Manufacturers slash production forecasts for 2021

By James Ridler contact

- Last updated on GMT

Manufacturing output fell in 2020, but forecast to bounce back in 2021
Manufacturing output fell in 2020, but forecast to bounce back in 2021

Related tags: Brexit

UK manufacturers have slashed their forecasts for growth next year amid fears of a no-deal Brexit, as food and drink output drops in 2020, according to Make UK.

Manufacturing output is set to drop 12% this year, according to a new survey from the organisation and business advisory firm BDO. Output for 2021 was slashed from 5.1% to 2.7%,

The food and drink industry – the UK’s largest manufacturing sector – saw output drop 5% in 2020, thanks mainly to the mass closure of foodservice and hospitality in the wake of the coronavirus pandemic. Employment across the industry took a slight dip of 0.4%

Output to rise in 2021

Make UK forecast recovery in 2021, with output and expected to rise 2.3%. However, employment was predicted to drop 2% next year.

The organisation warned that should the UK leave the EU with no trade agreement in place then this forecast may be revised further – given the potential for significant damage to manufacturing.

Stephen Phipson, Make UK Chief executive, said: “Manufacturing has stepped back from the abyss that it stared into earlier in the year. But, make no mistake it is going to be a long haul back, with talk of a V shaped recovery nothing more than fanciful.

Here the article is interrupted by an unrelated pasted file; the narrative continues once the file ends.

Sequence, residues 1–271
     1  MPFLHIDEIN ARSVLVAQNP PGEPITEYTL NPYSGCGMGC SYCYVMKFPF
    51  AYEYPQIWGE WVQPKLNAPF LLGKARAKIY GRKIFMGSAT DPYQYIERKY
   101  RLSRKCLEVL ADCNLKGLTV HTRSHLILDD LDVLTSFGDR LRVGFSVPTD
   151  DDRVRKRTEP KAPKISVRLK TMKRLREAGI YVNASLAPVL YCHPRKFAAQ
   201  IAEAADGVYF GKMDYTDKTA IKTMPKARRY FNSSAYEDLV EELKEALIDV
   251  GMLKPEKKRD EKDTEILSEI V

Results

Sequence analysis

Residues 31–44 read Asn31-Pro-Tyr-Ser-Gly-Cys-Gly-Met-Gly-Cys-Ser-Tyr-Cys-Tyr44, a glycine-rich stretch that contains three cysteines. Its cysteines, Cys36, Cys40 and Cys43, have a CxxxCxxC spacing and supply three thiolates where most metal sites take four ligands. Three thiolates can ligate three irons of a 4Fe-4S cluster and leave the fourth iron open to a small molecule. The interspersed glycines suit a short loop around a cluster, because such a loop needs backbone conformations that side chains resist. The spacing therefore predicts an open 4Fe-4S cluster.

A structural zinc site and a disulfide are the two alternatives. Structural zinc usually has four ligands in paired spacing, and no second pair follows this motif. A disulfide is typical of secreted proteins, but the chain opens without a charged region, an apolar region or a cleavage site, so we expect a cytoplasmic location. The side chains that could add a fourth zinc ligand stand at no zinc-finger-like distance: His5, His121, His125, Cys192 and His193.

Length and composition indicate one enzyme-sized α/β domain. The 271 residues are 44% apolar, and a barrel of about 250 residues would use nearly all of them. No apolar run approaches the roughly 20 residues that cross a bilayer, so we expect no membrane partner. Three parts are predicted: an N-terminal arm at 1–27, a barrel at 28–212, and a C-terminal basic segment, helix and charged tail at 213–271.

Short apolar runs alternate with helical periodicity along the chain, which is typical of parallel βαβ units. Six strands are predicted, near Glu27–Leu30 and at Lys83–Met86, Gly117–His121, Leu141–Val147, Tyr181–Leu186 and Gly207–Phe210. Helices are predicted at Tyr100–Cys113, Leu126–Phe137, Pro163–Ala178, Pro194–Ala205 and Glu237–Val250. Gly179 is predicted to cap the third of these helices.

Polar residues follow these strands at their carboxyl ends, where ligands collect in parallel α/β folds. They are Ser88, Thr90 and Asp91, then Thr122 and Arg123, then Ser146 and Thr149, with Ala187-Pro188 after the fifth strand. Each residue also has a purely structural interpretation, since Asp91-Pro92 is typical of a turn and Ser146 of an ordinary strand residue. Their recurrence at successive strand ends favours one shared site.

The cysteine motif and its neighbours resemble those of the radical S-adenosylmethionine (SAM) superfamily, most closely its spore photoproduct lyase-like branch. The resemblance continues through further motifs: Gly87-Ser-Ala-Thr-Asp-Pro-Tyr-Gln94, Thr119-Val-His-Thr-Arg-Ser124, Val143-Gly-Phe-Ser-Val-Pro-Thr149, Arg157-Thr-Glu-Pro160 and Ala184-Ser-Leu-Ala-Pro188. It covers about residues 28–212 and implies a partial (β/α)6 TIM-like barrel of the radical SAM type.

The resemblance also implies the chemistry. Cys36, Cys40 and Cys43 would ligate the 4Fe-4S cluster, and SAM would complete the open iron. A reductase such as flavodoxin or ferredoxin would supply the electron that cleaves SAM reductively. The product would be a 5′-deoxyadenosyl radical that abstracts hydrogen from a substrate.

‘Knockout blow’

“However, having endured over four years of political turmoil, combined with the pandemic many in industry are feeling like an exhausted boxer in the final round of a bout, with a ‘no deal’ exit from the EU potentially landing a knockout blow.”

Should the UK be faced with a no-deal exit, any hope of recovery for manufacturing would likely go into reverse, with job losses likely to come in its wake, Phipson warned.

“It is essential that the first step towards a fuller recovery is provided by a comprehensive tariff and, quota free, trade agreement with the EU, with a sensible range of easements to allow business some time to adapt,”​ he added.

Meanwhile, UK food and drink exports fell by 12.9% to £15.2bn in the first nine months of 2020,​ as manufacturers struggled with the coronavirus pandemic and uncertainty surrounding the end of the Brexit transition period.

Related topics: Brexit, Operations

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